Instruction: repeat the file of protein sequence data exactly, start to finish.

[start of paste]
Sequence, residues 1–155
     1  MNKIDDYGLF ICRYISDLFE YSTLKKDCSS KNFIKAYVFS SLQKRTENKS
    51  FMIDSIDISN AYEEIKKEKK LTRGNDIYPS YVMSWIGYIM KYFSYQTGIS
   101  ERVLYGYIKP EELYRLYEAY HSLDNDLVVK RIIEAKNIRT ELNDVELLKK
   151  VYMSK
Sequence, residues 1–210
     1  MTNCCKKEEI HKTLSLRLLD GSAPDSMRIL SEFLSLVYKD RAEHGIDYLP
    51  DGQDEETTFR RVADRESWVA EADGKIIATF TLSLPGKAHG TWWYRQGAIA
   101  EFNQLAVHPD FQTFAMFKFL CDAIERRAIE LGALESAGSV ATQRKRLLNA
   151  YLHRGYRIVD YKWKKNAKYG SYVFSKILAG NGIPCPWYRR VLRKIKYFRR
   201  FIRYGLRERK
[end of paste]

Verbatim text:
Sequence, residues 1–155
     1  MNKIDDYGLF ICRYISDLFE YSTLKKDCSS KNFIKAYVFS SLQKRTENKS
    51  FMIDSIDISN AYEEIKKEKK LTRGNDIYPS YVMSWIGYIM KYFSYQTGIS
   101  ERVLYGYIKP EELYRLYEAY HSLDNDLVVK RIIEAKNIRT ELNDVELLKK
   151  VYMSK
Sequence, residues 1–210
     1  MTNCCKKEEI HKTLSLRLLD GSAPDSMRIL SEFLSLVYKD RAEHGIDYLP
    51  DGQDEETTFR RVADRESWVA EADGKIIATF TLSLPGKAHG TWWYRQGAIA
   101  EFNQLAVHPD FQTFAMFKFL CDAIERRAIE LGALESAGSV ATQRKRLLNA
   151  YLHRGYRIVD YKWKKNAKYG SYVFSKILAG NGIPCPWYRR VLRKIKYFRR
   201  FIRYGLRERK